Amanda King, OMS II; Adam Glawe, BS; Mae Ciancio, PhD; Christian Evans, PT, PhD 
Midwestern University/Chicago College of Osteopathic Medicine, Downers Grove, Illinois 
Introduction: The role of intestinal bacteria in the development of obesity has gained the attention of scientific and medical communities. Investigators are evaluating the effects of dietary intake on changes in the gut microbiota in efforts to understand the role of microbial balance in health and disease. The microbial family Lactoabacillaceae is an important group of bacteria found in both the human and mouse gut microbiota. While some species of Lactoabacillaceae are linked to weight loss, others are linked to obesity. The regulation of various species of Lactobacillaceae by voluntary exercise (Ex) as a means of controlling weight gain due to a high fat diet has not been evaluated. The purpose of this study is to examine the effects of a high fat diet on the relative levels of Lactobacillaceae species in sedentary mice and Ex mice. 
Hypothesis: Lactobacillaceae is elevated in a high fat diet-induced obesity (DIO) mouse model and is reduced by Ex. 
Methods: 5-week-old, male C57Bl/6 littermates were distributed equally into 4 groups (n=6/group): low fat (10kcal% fat) sedentary (LF/Sed), low fat exercise (LF/Ex), high fat (60kcal% fat) sedentary (HF/Sed), and high fat exercise (HF/Ex). The bacterial 16S ribosomal RNA (rRNA) gene was extracted from fecal pellets collected at weeks 0, 6, and 12. Samples were sequenced using 16S ribosomal DNA to the taxonomic level of bacterial family. Initial and final body weights, Ex distance, epididymal fat pad weight, 24-hour food intake, and oral glucose tolerance were evaluated. The data were analyzed by a 2-way ANOVA and presented as mean + SE. 
Results: Prior to starting the diet and Ex protocol, rRNA gene sequencing demonstrated no significant difference in Lactobacillaceae content between the groups (diet P=.48, Ex P=.57). At week 12, DNA sequencing demonstrated elevated levels of Lactobacillaceae in HF/Sed mice compared to all other groups. Ex significantly reduced Lactobacillaceae content in both LF and HF diet mice (HF/Sed 20.85?5.16; HF/Ex 0.35?0.31; LF/Sed 11.58?4.49; LF/Ex 6.55?3.32; P<.05)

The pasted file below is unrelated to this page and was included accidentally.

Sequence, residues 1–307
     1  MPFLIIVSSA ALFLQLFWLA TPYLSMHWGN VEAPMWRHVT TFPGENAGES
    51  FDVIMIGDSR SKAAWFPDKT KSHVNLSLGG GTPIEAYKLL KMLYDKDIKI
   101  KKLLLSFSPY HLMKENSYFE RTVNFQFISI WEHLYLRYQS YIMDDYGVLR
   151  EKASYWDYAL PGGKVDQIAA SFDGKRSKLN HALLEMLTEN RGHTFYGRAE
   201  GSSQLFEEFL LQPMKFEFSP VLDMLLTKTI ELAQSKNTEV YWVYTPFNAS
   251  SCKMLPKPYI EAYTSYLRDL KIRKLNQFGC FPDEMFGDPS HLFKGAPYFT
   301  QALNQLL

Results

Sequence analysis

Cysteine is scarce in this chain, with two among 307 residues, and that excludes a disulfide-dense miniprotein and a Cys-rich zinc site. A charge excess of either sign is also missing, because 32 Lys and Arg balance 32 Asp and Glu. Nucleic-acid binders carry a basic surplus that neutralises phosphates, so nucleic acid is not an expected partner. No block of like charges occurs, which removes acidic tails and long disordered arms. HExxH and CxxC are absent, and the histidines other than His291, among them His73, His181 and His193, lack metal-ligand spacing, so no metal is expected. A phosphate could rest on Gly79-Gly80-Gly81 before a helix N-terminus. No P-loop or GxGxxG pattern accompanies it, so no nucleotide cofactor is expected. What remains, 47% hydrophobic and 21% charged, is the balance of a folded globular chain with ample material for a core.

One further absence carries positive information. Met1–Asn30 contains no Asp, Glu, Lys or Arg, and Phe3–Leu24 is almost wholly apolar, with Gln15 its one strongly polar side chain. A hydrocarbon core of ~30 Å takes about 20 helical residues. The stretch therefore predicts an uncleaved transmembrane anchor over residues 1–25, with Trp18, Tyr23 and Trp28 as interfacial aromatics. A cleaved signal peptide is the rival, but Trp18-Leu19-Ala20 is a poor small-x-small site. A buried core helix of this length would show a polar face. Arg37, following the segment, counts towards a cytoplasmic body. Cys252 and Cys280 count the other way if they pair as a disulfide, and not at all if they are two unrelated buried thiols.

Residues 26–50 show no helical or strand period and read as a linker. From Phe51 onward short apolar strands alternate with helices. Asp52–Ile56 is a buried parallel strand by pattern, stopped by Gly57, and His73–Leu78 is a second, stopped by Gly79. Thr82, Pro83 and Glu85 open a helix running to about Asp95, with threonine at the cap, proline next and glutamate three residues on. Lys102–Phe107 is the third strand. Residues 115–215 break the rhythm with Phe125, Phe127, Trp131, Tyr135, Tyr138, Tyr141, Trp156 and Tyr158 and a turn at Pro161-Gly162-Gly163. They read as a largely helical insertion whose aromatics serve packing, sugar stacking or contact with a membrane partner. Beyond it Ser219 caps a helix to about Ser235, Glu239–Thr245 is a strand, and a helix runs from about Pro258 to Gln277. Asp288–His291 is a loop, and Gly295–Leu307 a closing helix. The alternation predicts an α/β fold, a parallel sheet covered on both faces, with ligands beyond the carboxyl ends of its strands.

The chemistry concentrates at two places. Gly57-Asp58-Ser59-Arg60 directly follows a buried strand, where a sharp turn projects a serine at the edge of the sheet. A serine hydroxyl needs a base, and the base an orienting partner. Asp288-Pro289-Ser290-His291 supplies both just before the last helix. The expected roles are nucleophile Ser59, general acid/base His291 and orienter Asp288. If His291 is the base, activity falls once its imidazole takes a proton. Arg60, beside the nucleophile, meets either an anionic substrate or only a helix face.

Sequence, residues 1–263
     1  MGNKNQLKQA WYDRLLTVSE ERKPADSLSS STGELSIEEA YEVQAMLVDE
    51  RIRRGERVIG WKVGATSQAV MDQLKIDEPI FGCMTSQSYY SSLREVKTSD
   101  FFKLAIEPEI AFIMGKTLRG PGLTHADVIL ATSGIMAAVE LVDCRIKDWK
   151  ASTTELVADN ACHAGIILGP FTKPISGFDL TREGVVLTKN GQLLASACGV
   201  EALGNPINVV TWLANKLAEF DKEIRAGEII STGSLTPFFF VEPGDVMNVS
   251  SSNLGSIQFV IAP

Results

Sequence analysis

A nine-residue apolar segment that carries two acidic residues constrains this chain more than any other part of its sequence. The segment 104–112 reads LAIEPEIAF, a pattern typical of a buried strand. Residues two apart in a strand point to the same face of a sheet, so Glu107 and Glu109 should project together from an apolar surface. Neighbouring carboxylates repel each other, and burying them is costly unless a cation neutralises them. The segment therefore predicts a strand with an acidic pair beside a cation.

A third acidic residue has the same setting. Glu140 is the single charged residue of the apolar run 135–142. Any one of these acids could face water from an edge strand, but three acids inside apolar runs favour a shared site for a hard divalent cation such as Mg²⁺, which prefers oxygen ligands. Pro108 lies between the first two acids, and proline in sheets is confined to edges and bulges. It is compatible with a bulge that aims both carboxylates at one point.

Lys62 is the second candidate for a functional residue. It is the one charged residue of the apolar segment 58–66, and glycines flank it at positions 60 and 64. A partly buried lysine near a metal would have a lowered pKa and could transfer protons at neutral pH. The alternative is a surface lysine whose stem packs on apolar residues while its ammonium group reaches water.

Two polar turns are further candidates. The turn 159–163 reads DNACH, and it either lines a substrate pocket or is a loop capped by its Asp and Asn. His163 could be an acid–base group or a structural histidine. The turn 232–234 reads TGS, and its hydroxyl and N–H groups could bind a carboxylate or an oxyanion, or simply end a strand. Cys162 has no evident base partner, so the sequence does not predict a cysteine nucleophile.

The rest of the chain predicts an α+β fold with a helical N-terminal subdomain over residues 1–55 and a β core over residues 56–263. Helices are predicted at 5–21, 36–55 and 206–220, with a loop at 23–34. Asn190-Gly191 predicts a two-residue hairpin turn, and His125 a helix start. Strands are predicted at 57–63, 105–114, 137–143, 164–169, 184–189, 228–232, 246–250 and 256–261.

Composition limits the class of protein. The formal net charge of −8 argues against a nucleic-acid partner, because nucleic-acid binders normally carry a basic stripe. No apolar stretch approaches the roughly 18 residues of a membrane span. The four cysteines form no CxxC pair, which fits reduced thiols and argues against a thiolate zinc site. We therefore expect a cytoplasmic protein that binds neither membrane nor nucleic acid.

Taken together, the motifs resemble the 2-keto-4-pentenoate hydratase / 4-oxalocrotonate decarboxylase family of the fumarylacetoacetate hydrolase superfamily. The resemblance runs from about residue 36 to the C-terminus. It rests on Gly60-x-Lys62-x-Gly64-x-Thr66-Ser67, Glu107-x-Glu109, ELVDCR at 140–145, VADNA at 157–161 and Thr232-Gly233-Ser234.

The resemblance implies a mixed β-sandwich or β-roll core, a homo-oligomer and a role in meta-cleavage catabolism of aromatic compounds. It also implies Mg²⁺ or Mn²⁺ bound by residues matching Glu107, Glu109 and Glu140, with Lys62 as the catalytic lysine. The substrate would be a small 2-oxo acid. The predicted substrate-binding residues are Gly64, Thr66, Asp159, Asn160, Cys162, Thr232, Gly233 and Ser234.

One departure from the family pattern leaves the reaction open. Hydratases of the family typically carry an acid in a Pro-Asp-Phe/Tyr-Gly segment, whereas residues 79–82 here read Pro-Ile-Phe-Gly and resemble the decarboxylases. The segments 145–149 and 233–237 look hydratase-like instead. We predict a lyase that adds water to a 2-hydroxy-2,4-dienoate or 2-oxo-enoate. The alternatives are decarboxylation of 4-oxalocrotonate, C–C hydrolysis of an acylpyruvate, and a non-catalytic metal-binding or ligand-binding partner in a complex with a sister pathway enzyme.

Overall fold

Conclusion: The Lactobacillaceae family is down-regulated by exercise, especially in HF-fed mice, but the effect of Ex and HF diet on specific species remains to be determined. Lactobacillaceae may be involved in exercise-regulation of body weight, but this will require further study. 
Acknowledgments: Supported by KAS Summer Research Fellowship and CHS Research Facilitation Grant. 
Role of Tight Junction Proteins in Mediating Oxidative Damage of Renal Epithelial Cells 
Meredith Loh, OMS III1; Danielle Janosevic, OMS IV1; Josephine Axis1; Kurt Amsler, PhD2 
1New York Institute of Technology College of Osteopathic Medicine, Old Westbury; 2Department of Biomedical Sciences, New York Institute of Technology College of Osteopathic Medicine, Old Westbury 
Introduction: Renal epithelial cells form continuous cell sheets that separate body fluid compartments. The circumferential tight junction (TJ) structure located at the apicolateral border of adjacent renal epithelial cells limits the movement of solutes and water between adjacent cells (paracellular permeability barrier). Renal ischema/reperfusion injury leads to a loss of the renal tubular paracellular permeability barrier with backleak of ultrafiltrate into the body. Hydrogen peroxide (H2O2) mediates partially ischemia/reperfusion induced renal injury. Previous studies have suggested roles for the TJ proteins occludin, zonula occludens 1 (ZO-1), and zonula occludens 2 (ZO-2) in mediating this damage but many questions remain. We investigated the role of TJ proteins in mediating the effect of H2O2 on renal paracellular permeability. Expression of specific TJ proteins was genetically manipulated in Madin Darby Canine Kidney (MDCK) cells, a distal tubule-like dog renal epithelial cell line. The effect of treatment with varying H2O2 concentrations on paracellular permeability was compared as a function of TJ protein content. 
Hypothesis: The tight junction proteins, occludin, ZO-1, and ZO-2, are involved in mediating the H2O2-induced increase in renal epithelial cell paracellular permeability.